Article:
Quote of the Day
Since I'm a fan of collections and anthologies, believe that the best writing often shines in shards and galloping stretches, I never find myself lobbying for a writer I enjoy reading regularly to hole up in Heidegger's hut for four or five years to bring forth a mountain.
However, poetry does not live solely in books or in school anthologies.
I tended to be drawn to the weirder, darker stuff. Horror and sci-fi anthologies.
I think there are just a million interviews in anthologies with famous musicians that are about the music, and they're really boring to read.
Editors of open anthologies actively seek submissions from all comers, established and unknown. They are willing to read whatever the tide washes up at their feet.
Now, to read poetry at all is to have an ideal anthology of one's own, and in that possession to be incapable of content with the anthologies of all the world besides.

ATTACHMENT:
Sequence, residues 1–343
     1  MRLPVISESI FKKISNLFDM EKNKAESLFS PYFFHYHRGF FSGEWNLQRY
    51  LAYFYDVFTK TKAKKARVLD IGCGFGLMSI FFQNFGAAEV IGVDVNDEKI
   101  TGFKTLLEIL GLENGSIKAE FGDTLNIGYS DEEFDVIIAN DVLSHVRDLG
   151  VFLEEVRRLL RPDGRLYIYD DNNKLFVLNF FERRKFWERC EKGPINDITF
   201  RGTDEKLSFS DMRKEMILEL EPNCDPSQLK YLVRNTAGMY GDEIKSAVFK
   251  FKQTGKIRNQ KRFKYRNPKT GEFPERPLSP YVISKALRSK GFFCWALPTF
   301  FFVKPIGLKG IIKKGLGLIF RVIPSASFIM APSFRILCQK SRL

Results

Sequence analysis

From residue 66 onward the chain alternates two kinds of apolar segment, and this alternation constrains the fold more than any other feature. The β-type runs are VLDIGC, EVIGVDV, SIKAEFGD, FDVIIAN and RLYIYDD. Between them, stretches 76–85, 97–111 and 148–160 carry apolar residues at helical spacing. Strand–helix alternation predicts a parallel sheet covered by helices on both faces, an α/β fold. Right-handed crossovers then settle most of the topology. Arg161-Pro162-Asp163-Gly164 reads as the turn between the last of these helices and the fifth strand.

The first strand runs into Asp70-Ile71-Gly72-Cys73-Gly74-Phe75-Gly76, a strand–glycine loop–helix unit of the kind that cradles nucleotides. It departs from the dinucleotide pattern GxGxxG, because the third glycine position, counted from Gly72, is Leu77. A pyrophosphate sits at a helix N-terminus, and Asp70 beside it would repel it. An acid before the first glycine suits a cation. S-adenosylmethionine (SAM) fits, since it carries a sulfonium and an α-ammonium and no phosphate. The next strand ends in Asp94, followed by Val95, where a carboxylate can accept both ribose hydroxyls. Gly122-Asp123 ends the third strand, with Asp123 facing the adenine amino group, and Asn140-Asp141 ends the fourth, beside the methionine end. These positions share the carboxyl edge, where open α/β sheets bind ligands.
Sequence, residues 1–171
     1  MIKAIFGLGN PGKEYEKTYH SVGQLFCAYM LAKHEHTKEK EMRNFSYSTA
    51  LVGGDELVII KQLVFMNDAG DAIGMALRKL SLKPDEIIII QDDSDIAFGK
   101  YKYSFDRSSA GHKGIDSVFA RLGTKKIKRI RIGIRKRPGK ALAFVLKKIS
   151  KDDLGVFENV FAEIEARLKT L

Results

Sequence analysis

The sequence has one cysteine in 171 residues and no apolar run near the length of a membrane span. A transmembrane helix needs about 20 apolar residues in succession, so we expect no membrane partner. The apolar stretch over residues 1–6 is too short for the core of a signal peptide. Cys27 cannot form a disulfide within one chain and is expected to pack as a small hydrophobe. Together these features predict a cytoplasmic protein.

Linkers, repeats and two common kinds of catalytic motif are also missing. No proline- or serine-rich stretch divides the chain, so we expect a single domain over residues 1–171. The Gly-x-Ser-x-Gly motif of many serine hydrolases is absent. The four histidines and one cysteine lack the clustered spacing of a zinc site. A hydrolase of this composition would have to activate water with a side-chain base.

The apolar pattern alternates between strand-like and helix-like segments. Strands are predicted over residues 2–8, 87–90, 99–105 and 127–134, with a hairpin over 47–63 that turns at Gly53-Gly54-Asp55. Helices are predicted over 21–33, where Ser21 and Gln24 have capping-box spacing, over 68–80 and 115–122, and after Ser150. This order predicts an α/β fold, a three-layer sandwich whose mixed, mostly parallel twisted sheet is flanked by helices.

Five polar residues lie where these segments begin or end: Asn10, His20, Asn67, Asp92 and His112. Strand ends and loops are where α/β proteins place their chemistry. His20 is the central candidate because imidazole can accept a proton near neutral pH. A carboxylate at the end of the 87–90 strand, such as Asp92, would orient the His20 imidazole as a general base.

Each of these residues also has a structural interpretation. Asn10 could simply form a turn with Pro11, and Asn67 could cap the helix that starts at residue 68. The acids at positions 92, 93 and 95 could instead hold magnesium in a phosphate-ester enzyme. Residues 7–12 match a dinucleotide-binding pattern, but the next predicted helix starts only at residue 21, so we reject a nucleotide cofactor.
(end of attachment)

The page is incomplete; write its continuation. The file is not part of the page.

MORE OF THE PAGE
William Ernest Henley
I'll tell you what I miss most. What I would love to do, more than anything, is just anthologies. With an anthology you can tell any story and be in every division of television. We don't have any anthologies anymore, do we?
I am also working on a couple of short stories for anthologies. This is new to me and I'm enjoying it.
Oh, I love to read more than anything. I always love the 'New Stories From the South' anthologies - I think it's the best short fiction collection anywhere, just filled with treasures.
As long as mixed grills and combination salads are popular, anthologies will undoubtedly continue in favor.
The first writers are first and the rest, in the long run, nowhere but in anthologies.
Carl Van Doren
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